The European Commission's reform proposal, published on 14 March, is the fifth major electricity market package. But will the proposed changes to two regulations and one directive substantially change the way in which electricity trading is organised in Europe?
It is likely that the reform heralds a paradigm shift, but in ways than were not discussed in 2022. Because of record-high electricity prices and concerns over security of supply, the focus last year was on short-term prices. The subsequent discussion showed that moving away from setting short-term prices based on the cost of the last required unit to meet aggregate demand (marginal pricing) would substantially undermine the efficiency of dispatch.
The proposal of the Commission took a very different route, essentially formalising the tools member states can use to incentivise investments.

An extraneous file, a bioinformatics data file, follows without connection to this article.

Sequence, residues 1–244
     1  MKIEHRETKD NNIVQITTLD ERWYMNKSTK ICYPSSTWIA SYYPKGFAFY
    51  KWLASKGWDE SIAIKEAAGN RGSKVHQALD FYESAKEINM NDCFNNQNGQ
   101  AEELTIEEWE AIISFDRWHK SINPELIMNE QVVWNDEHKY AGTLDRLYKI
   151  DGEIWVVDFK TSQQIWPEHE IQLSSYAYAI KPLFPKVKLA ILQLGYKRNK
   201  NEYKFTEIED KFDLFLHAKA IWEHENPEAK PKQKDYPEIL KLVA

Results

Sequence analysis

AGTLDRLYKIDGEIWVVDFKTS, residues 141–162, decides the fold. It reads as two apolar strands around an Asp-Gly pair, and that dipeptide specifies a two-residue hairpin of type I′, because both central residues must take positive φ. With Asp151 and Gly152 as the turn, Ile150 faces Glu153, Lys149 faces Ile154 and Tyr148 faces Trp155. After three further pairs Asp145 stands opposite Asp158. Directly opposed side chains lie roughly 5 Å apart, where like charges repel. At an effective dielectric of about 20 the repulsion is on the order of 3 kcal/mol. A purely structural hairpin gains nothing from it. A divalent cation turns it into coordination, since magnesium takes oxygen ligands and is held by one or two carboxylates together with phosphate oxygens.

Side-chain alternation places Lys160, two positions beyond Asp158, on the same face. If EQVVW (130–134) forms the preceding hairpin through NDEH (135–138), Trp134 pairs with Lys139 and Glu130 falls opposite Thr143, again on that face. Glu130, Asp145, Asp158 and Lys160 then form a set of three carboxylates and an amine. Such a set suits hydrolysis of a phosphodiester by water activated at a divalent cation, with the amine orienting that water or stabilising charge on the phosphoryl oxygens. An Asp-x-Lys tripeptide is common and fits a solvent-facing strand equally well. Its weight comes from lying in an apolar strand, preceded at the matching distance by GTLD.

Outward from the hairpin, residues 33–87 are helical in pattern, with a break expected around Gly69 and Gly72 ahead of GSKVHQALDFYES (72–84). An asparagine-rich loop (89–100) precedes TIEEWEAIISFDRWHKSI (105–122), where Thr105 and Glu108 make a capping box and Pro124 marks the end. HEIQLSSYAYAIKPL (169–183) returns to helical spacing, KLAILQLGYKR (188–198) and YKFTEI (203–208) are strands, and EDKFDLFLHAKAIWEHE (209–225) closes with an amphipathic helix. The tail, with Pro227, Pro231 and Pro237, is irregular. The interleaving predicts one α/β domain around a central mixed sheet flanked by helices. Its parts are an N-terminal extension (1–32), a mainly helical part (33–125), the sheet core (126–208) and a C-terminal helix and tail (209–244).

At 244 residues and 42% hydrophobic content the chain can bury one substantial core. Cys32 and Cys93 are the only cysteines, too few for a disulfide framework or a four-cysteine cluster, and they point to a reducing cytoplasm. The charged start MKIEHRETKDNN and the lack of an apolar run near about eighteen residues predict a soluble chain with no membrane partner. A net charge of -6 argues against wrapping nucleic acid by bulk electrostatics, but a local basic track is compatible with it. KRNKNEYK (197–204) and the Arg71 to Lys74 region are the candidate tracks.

While the proposed electricity market reform defends the idea of ensuring optimal European dispatch, national instruments will now be allowed to do the heavy lifting in steering investment decisions. Hence, European markets will not be allowed to help determine the efficient amount, technology and location of investments.
In contrast, several institutions – national governments, the European Commission, national and European networks, market operators as well as national and European regulators – will be given partial responsibilities for designing and allocating individual long-term instruments such as Contracts for Difference (CfD), Power Purchase Agreements (PPA) and Forwards and Flexibility. While the supply and demand for these traded products overlaps and spills across borders, it is not immediately clear how this interaction will be managed.
The good news is that the Commission proposal drives the conversation towards a reform of Europe's electricity market design, which encourages the necessary investment for a smooth transition to a climate-neutral economy.
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